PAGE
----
For Pablo Mari, 2019 was a year of spectacular sporting highs and lows.
As recently as June, he was the man who missed the chance that cost Deportivo La Coruna promotion back to La Liga. By November, he was a champion of Brazil and South America, being feted by Flamengo fans as a key factor in the club’s first league title in 30 years.
But for Arsenal supporters, the fascination now is what could lie ahead for the Spanish defender in 2020. Mikel Arteta, who moved to Manchester City in the same summer as Mari in 2016, wants to make the player his first signing as a manager. Edu Gaspar, the club’s Brazilian sporting director, appears to like what he has seen too.
Such informed judges should be enough to encourage supporters but Arsenal fans could be forgiven for being unsure of what to expect. Some would say that anyone would be an upgrade on the hapless pairing of Shkodran Mustafi and David Luiz. Others remember that both were presented as the solution upon their arrival at the club.
“I only want to bring somebody in if I’m really convinced that he can really improve the level that we have,” says Arteta. But is an uncapped 26-year-old defender who was playing in the Spanish second division a little over six months ago really the answer?
Speak to those who know Mari well and there is some cause for optimism. Firstly, while the trajectory of his career has been unusual, he has left a positive impression everywhere that he has been. Upon signing for City, he was loaned out to Girona and then Eredivisie club NAC Breda, where coach Jefta Bresser did not need long to see that he had special qualities.
“He impressed us from the very beginning,” Bresser tells Sky Sports. “In pre-season he came in as a foreign guy and within five weeks we decided that he should be the captain of the team. He was open-minded and eager to learn. He was a real professional.
“He was defensively good and good at building from the back. That season was important for his development because he played over 30 games. We stayed up but it was a struggle so there was often a lot of pressure on the defence. It helped him take the next step.”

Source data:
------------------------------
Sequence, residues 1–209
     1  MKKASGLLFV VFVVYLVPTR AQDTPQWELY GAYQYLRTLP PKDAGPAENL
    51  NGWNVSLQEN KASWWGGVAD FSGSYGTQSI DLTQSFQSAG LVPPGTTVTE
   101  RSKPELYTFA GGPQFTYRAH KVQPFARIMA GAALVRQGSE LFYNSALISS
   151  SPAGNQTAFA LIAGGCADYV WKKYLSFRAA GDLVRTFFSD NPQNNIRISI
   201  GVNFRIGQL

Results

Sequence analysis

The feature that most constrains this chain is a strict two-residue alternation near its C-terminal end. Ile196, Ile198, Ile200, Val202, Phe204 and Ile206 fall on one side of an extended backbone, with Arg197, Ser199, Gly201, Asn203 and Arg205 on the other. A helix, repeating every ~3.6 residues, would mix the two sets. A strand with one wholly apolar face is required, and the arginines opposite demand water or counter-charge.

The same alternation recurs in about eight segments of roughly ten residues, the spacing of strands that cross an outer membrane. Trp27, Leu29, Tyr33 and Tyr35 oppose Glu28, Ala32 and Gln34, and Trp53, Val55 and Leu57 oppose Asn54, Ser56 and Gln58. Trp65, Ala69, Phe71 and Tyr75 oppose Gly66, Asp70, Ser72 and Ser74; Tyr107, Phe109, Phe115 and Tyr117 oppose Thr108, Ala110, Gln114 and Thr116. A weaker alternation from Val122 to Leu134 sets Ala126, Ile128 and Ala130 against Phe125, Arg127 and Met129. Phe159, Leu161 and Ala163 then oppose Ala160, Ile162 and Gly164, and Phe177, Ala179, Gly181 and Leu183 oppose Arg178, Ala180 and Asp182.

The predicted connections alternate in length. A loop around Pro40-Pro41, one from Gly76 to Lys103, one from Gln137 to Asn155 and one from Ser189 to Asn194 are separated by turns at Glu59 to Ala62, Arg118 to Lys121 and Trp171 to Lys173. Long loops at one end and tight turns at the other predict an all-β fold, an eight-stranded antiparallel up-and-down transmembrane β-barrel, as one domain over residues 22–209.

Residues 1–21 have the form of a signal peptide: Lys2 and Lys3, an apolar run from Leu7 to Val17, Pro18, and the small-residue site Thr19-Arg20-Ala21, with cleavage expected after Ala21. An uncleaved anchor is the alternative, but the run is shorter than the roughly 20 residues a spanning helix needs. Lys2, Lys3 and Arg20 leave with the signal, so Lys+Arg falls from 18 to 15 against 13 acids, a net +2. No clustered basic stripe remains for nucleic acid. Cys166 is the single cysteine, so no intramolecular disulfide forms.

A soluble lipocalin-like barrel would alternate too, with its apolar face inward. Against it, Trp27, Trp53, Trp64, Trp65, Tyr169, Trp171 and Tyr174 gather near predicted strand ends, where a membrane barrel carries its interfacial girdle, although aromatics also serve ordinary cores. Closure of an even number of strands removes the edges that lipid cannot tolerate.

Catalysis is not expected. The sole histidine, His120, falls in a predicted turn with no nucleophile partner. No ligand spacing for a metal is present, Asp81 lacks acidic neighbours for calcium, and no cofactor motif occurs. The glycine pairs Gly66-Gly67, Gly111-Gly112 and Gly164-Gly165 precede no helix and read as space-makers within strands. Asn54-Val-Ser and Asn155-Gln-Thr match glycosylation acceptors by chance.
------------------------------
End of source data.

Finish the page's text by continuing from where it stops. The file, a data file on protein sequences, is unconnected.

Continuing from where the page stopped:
There was some surprise that this next step took him back to Spain’s second tier. After all, Mari had enjoyed a season in La Liga with lowly Gimnastic prior to joining City. Now he found himself back where he had started, albeit at a bigger club in Deportivo La Coruna.
Again, his impact was positive, as Xurxo Fernandez, a journalist covering the club for local newspaper La Voz de Galicia, recalls.
“He stood out for his good handling of the ball and his aerial game, scoring goals from set-piece situations,” Fernandez tells Sky Sports. “He formed a very good partnership with Domingos Duarte, who is now impressing at Granada. The beginning of the season was spectacular, although in the latter stages of the campaign his level fell.”
The fall was tough to take, the ending particularly sour. Deportivo went into the second leg of their promotion play-off against Mallorca with a two goal lead but collapsed to a three-goal defeat in Palma. One away goal would have been enough to take Depor to La Liga.
“When the ball came to him, he headed wide when all he had to do was score to win the tie,” says Fernandez. “He will be remembered forever as the footballer who missed the chance that would have led to Deportivo’s rise.”
For Depor, the significance of the moment has only increased as the months have passed. Despite a recent upturn in results, the team that were champions of Spain twenty years ago are third bottom of the second division and facing the risk of relegation to the third tier for the first time in 45 years. Mari’s career, meanwhile, has gone in the opposite direction.